Market globalization forced firms to organize their sourcing, manufacturing, marketing and other value-adding activates on global scale. Phases of Globalization each phase was accompanied by revolutionary technological development & international trends -However, it's generally held true that these effects tend to decline in the long run - as economies develop... But what is this long run? Early History Positive examples of concerned corporations: First Phase Second Phase Third Phase Fourth Phase Exchange of the goods between old civilizations 1830 - 1899 peak of the phase was around 1880 Globalization exerts strong pressure on national culture - growth of the railroads
- efficient ocean transport
- rise of the large manufactoring and trading firms
- invention of telegraph and telephone in late 1800s -> facilitated information flows -> help in organizing of early supply chains Mc Donaldization & Coca-Colonization Homogenization of world cultures aided by information and communication technologies
---> promotion of Western lifestyle Examples of France, Belgium and Canada: laws have been passed in order to protect national law and culture 1900 - 1930 peak of the phase was just before the Great Depression - rise of electricity and steel production
- Europe's colonization led to establishment of the earliest subsidiaries of multinational enterprises (MNEs)
- some companies established foreign manufacturing plants (Nestle, Siemens, British Petroleum) after World War II - 1970s - USA became the world's dominant economy
- government aids helped in recovery of economies
- Bretton Woods Conference in 1947 (23 nations) -> General Agreement on Tariffs and Trade (GATT)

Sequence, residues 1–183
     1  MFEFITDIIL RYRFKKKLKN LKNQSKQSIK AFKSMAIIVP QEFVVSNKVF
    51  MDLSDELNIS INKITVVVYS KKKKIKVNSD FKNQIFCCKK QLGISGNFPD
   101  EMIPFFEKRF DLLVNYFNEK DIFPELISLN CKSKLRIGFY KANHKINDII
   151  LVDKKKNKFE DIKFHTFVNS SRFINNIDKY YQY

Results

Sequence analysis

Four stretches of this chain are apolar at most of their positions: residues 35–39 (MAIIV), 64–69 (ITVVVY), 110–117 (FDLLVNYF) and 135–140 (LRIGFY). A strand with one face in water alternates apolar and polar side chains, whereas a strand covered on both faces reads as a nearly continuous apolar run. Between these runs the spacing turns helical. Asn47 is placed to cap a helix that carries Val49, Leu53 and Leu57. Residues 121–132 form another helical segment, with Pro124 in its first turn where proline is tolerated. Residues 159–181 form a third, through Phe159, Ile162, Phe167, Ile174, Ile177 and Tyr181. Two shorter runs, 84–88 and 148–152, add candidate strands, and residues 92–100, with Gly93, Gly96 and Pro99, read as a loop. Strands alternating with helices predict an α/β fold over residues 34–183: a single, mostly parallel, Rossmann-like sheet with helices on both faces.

- international trade and investment barriers were reduced
- subsidiaries of MNEs were selling much the same products in the markets worldwide
- MNEs began to seek cost advantages (developing countries and low labor cost)
- Europe & Japan began to challenge the dominance of US MNEs GATT transformed into the World Trade Organization.

WTO is multilateral governing body which is empowered to regulate international trade and investment
From original 23 members of GATT, WTO grew to 157 member nations. In this phase some of the firms developed internationally recognized trade names early 1980s - present Capital began to flow freely across national borders, leading to integration of global financial markets - enormous growth in cross-border trade and investments -> FDIs

- fast development of PCs, Internet

- collapse of the Soviet Union

- trade liberalization in Central & Eastern Europe, Asia and Central & South America

- all technological advances helped the rise of small and medium-sized enterprises (SMEs) & service sector (banking, entertainment, tourism etc.) Zuka Adi
Zonjic Aleksandra
Andrijevic Marina
Agic Kanita Prepared by:

THE TEAM